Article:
Walking for Forgiveness


Prison strips you of everything while absorbing you into itself, leaving nothing of the person you were before – at which point it will be a full stop or a first step on a path to who you will be. I choose the latter, not to be a label but instead to set about writing my own label afresh

The quote is part of the introduction to ‘Shattered Images and Building Bridges – A Collection of Artwork and Writing from three Durham Prisons,’ a book I designed and published at the start of the year. Part of my reasoning was that people who live in such enclosed communities deserve the right to have their voices heard, and also to highlight the fact that creative writing has great therapeutic power. Many of my students within prisons have benefitted hugely from creative writing. They have discovered things about themselves, their relationships and thought processes that they wouldn’t have got elsewhere and this has had a beneficial effect in a number of ways – including greater confidence, greater skills, better awareness of self and others, better behaviour and better mental health. Amazing really – and all from pen and paper and a facilitator…

One man who has learned the power of writing the hard way is Frankie Owens, not a student in my class but someone who was locked up for a short period of time in 2011. The following quote is taken from his website…

“As a first time offender I had no idea how the system or a prison worked. I was clueless to it all, and it was hard for me going in and frightening for the family and loved ones I left behind. To save my sanity and give me something positive to focus on I began writing about the process I was going through, it felt like self-help”

Frankie Owens

Out of this writing came the ‘Little Book of Prison – A Beginners Guide’, an award-winning book for first time offenders and their families that can act as a guide as they try and get through a difficult period. Having said that, anyone vaguely interested would find the book an eye-opener, as the Chief Executive of the Koestler Trust obviously did…

“It is a practical and totally frank introduction to real life in the British prison system – probably the best introduction there is. But it is also a wonderfully human narrative and a sharply argued critique – the wit and wisdom of one inmate who turns out to be a born writer. I was gripped from start to finish – roared with laughter one minute, winced with pain the next, and was left wondering why we have prisons at all’ – Tim Robertson, Chief Executive, The Koestler Trust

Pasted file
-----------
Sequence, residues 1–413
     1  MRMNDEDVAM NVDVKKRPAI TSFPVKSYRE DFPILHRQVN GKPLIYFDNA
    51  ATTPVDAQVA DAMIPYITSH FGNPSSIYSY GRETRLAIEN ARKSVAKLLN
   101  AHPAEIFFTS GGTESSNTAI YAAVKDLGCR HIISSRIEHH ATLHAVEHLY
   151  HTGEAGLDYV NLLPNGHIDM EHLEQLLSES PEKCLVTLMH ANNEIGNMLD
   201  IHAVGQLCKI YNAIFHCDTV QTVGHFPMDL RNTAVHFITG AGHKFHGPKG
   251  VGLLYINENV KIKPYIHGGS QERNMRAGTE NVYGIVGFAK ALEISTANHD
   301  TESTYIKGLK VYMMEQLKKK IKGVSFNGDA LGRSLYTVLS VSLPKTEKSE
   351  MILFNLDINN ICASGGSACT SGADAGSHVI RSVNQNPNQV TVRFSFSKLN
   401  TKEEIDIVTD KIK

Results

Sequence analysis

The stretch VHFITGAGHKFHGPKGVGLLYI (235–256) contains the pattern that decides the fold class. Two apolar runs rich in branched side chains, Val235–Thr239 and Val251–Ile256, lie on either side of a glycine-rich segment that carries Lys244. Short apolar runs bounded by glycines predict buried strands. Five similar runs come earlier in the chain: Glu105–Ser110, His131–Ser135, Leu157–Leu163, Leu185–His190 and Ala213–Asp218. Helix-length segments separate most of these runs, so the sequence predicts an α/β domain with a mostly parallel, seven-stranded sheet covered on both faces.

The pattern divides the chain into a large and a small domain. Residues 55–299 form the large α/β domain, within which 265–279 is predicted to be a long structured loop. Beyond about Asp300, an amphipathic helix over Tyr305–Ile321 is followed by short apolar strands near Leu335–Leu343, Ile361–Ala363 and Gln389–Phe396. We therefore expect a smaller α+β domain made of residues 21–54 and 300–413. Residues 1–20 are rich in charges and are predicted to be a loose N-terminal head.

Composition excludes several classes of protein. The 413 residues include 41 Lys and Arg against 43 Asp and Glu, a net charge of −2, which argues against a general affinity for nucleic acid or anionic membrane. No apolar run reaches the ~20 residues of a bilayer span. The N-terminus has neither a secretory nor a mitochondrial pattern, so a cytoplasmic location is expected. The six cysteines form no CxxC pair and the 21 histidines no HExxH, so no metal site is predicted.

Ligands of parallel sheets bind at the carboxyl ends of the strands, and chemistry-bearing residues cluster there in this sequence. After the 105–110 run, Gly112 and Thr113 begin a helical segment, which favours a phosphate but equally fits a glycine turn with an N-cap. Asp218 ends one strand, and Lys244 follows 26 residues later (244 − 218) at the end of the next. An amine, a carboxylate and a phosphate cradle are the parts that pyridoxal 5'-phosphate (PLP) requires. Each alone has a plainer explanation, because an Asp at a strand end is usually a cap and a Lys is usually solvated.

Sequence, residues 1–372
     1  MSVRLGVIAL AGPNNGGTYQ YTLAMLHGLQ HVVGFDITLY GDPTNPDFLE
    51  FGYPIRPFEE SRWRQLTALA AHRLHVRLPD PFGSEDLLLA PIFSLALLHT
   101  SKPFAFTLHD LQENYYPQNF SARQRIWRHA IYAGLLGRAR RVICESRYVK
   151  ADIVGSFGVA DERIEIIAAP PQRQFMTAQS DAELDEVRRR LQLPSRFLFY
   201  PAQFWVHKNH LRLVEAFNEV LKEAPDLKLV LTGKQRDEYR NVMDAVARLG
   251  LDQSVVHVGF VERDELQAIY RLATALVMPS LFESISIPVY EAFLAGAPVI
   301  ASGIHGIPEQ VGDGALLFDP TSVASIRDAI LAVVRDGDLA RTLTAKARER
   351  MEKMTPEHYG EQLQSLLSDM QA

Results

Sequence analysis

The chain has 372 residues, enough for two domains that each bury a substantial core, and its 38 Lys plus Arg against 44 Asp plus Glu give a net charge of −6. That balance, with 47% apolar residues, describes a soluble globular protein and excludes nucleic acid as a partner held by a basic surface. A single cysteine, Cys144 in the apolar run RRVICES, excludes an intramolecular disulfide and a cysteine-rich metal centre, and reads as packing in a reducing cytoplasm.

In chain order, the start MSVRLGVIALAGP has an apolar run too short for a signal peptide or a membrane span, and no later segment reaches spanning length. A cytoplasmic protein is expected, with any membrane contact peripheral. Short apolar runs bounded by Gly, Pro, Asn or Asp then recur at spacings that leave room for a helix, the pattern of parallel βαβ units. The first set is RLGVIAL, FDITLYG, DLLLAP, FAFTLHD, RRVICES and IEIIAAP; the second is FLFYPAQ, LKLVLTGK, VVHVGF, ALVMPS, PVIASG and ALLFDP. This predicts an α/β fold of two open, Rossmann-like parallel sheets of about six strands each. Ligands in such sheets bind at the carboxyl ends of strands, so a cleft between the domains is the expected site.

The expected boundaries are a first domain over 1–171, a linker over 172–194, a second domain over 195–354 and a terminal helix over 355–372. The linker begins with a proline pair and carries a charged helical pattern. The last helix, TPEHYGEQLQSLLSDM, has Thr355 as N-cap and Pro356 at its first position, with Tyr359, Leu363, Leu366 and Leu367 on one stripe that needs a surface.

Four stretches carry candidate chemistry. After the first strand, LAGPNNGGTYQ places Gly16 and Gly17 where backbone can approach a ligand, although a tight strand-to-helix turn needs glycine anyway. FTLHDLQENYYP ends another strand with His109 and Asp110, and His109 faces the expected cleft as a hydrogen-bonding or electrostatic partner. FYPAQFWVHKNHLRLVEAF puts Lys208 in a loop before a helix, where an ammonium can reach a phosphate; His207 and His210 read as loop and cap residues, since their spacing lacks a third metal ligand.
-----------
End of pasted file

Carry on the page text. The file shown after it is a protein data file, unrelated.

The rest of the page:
And now, to raise money for The Forgiveness Project, Frankie is going for a walk – from John O’Groats to Land’s End! In fact, he’s already halfway through. I’ll be walking from Newcastle to Durham with him this Wednesday, but that’s only 16 miles. Frankie is walking well over one thousand miles. The Forgiveness Project is a UK based charity that uses storytelling to explore how ideas around forgiveness, reconciliation and conflict resolution can be used to impact positively on people’s lives, through the personal testimonies of both victims and perpetrators of crime and violence.

Terrible crimes hit the headlines often, such as the recent one where two policewomen were lured to their deaths. But please remember that, for every criminal such as this one, there are thousands and thousands of other prisoners that have committed offences nowhere near this scale of things. The prison population in England and Wales has reached a record high on a number of occasions this year and currently stands at over eighty-eight thousand. According to the BBC, 3,056 new laws were introduced in the UK in 2010, 2,492 in 2009 and 2,148 in 2008. Almost all – 98% – were introduced as statutory instruments, which do not require full debate in Parliament. The new Justice Secretary Chris Grayling has already trawled out the usual get tough quotes that are assumed to be popular vote winners. Some people though, Frankie among them, would suggest current policy isn’t working. Everyone is entitled to their own view but surely those who’ve committed offences and the victims of crimes are the people we should be listening to most. The Forgiveness Project works with both to seek alternatives to resentment, retaliation and revenge.

Perhaps you agree too, and wouldn’t mind donating some money to The Forgiveness Project. Frankie’s keen to hear from people himself and would like writers or supporters to walk part of the way with him. If you can help in any way it would be appreciated and it really could make a difference…

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